Each word ("Just", "another", "Perl", "hacker") is made up of polygons, where the final point is automatically reconnected to the starting point. The final "camel" is a single, huge polygon.  Each polygon is encoded into a string of ascii characters. The first (x,y) point is saved as an offset relative to the center of the screen, and successive points are calculated as the relative (x,y) distance from the previous point.

When the animate function is called, it cycles through each set of polygons, decoding the ascii characters into the individual points which represent each line of each polygon.  For each plane of the Z-axis (representing distance away from the viewer), the (x,y) points are all scaled to conform to that distance.  Once all the lines have been packed into the frame, the frame is displayed, and causes the word to appear as though it is zooming closer or farther away from the viewer.  I found that I had to "slow down" the characters if they were zooming "past" the viewer, otherwise they were too hard to read (hence the "acceleration" variable).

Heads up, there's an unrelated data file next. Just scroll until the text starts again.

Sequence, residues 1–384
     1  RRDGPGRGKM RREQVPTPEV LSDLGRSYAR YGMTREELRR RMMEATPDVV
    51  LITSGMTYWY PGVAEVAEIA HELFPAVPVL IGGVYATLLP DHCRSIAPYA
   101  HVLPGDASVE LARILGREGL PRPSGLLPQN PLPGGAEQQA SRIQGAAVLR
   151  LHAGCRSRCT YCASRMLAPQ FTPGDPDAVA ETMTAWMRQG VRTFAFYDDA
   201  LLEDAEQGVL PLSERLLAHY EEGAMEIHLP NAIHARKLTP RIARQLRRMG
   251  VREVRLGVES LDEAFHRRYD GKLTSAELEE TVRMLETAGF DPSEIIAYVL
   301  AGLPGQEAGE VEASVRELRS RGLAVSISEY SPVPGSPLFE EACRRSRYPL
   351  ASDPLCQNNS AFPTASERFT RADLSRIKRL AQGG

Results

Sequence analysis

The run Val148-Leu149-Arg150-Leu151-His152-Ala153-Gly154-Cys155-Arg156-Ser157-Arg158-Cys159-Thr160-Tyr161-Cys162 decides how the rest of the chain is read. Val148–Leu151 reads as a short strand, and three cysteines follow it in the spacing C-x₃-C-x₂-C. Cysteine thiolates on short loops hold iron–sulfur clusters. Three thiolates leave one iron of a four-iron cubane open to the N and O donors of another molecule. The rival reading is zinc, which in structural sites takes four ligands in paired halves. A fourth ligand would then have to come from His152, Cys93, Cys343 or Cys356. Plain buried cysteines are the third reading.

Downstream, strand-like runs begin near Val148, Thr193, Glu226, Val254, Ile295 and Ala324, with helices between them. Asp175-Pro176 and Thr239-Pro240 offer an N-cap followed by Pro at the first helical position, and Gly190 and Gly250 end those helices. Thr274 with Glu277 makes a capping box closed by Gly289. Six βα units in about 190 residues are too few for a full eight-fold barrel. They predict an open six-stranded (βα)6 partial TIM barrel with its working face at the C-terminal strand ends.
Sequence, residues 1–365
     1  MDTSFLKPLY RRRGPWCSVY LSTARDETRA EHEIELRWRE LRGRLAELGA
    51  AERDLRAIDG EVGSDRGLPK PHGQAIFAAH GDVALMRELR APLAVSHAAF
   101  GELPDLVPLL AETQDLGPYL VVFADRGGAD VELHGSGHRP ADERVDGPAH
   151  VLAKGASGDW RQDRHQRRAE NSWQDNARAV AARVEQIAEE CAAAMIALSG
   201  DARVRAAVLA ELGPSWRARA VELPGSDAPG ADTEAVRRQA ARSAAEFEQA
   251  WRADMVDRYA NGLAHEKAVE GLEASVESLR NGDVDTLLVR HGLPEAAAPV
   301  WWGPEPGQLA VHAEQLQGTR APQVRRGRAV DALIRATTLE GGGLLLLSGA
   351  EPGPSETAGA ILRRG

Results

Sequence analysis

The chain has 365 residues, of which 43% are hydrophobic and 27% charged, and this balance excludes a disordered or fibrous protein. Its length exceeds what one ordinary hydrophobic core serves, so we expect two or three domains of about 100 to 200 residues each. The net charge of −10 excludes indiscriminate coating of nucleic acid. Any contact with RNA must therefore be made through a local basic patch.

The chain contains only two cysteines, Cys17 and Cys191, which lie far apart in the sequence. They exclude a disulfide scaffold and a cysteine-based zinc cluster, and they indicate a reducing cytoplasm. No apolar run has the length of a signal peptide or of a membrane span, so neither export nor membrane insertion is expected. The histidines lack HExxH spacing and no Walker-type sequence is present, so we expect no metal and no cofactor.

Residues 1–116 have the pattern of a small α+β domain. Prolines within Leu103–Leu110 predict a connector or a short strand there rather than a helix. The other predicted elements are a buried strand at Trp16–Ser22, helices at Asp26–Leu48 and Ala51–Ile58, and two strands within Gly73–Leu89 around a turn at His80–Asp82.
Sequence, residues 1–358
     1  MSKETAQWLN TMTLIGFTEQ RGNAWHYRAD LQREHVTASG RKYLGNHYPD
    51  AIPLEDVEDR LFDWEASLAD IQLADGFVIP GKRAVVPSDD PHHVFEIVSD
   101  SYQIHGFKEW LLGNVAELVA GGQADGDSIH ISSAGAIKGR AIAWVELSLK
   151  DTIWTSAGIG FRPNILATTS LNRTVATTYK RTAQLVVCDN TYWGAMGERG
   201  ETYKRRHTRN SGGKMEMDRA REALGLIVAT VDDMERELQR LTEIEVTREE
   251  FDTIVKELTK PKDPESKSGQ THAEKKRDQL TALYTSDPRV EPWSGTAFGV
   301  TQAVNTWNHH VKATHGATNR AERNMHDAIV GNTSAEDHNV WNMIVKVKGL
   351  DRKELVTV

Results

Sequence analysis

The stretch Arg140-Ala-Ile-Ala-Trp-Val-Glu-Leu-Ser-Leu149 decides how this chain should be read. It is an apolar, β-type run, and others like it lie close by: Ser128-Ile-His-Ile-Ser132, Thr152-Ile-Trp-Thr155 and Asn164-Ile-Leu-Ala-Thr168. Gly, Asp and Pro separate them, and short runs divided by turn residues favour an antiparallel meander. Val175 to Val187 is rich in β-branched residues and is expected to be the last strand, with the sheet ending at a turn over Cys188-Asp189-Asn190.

Originally, the data for the points was almost twice as large as the final version, and I wanted to compress it further, so I used a mechanism whereby each ascii character represented a value from 0 to 80, for a total of 81 combinations, which, for any point of a polygon which was not the first, could represent both the x and y value, by taking the delta-x and delta-y with the previous (x,y) point, as long as both deltas were within the range (-4 ... 4). (Since the full range of 9 values, squared, equals 81). If this were not the case for any given point, the ascii character '*' was used as an 'escape' character to revert to using the next 2 ascii characters to encode the point.

It was a lot of fun learning how to create a simple 3D animation.  I hope you enjoyed watching it!


@ARGV=split//,"/:L"; map{print substr crypt($_,ord pop),2,3}qw"PerlyouC READPIPE provides"


Comment on Re: Spatial Japh
Download Code

Log In?
Username:
Password:

What's my password?
Create A New User
Node Status?
node history
Node Type: note [id://529691]
help
Chatterbox?
and the web crawler heard nothing...

How do I use this? | Other CB clients
Other Users?
Others perusing the Monastery: (4)
As of 2014-10-01 01:25 GMT
Sections?
Information?
Find Nodes?
Leftovers?
    Voting Booth?

    How do you remember the number of days in each month?











    Results (386 votes), past polls